4  Contents of the data base

The SIMBAD data base presently (June 2020) contains information for:

The only astronomical objects specifically excluded from SIMBAD are Solar System bodies.

For each object, the following data are included when available (see chapter 15 for more details):

A more complete description of the contents of SIMBAD is given in chapter 15.

5  Updating SIMBAD

What is SIMBAD, and what is it not ?
The purpose of Simbad is to provide information on astronomical objects of interest which have been studied in scientific articles.

Simbad is a dynamic database, updated every working day.

It provides the bibliography, as well as available basic information such as the nature of the object, its coordinates, magnitudes, proper motions and parallax, velocity/redshift, size, spectral or morphological type, and the multitude of names (identifiers) given in the literature. The CDS team also performs cross-identifications based on the compatibility of several parameters, in the limit of a reasonably good astrometry.

Simbad is a meta-compilation built from what is published in the literature, and from our expertise on cross-identifications. By construction it is highly inhomogeneous as data come from any kind of instruments at all wavelenghts with any resolution and astrometry, and different names from one publication to another.

Simbad is not a catalogue, and should not be used as a catalogue. The CDS also provides the VizieR database which contains published lists of objects, as well as most very large surveys. The idea now is to use both Simbad and VizieR as complementary research tools.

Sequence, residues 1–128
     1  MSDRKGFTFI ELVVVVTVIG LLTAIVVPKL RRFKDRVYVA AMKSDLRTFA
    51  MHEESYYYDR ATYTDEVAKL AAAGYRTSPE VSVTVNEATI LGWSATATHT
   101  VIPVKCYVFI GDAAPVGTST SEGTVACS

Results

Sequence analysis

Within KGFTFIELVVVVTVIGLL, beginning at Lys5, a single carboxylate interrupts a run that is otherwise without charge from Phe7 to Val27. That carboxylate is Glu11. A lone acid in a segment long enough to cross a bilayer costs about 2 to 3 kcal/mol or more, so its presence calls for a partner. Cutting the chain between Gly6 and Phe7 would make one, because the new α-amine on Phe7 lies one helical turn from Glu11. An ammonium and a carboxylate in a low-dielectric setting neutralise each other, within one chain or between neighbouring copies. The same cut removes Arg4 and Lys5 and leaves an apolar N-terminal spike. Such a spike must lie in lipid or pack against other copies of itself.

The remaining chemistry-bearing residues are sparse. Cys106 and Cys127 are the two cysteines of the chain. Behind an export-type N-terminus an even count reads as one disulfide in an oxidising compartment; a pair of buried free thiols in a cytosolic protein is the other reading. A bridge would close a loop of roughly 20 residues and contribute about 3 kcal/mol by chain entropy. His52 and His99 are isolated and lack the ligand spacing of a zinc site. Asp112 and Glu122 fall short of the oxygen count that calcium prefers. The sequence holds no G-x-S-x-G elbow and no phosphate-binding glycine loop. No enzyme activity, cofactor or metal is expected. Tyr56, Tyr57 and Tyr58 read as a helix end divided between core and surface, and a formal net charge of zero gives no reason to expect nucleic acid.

Some specific rules could be applied on cross-matching SIMBAD with catalogues.

The data contained in SIMBAD are also permanently updated, as a result of errata, remarks from the librarians (during the scanning of the literature), quality controls, or special efforts from the CDS team to better cover some specific domains (e.g., multiwavelength emitters and complex objects). Requests for corrections, errata, or suggestions are regularly received from SIMBAD users through a dedicated e-mail address ().

Corrections of errors are made under the responsibility of CDS astronomers coordinated by Loup Cécile. All the remarks received from the users are very welcome, as they help us to improve the database contents through the scrutiny of specialists' eyes. The annotation system is also a way to share remarks to the community.

6  SIMBAD features

The SIMBAD database can be queried by

7  Documentation on the World-Wide Web

Documentation and news about SIMBAD and related CDS activities can be found on the World-Wide Web. The ``SIMBAD home page'' gives access to the following documents:

Moreover, every query form web page has a link to a dedicated help page, and may have at its top some hot news, and at its bottom a short description of the query form usage.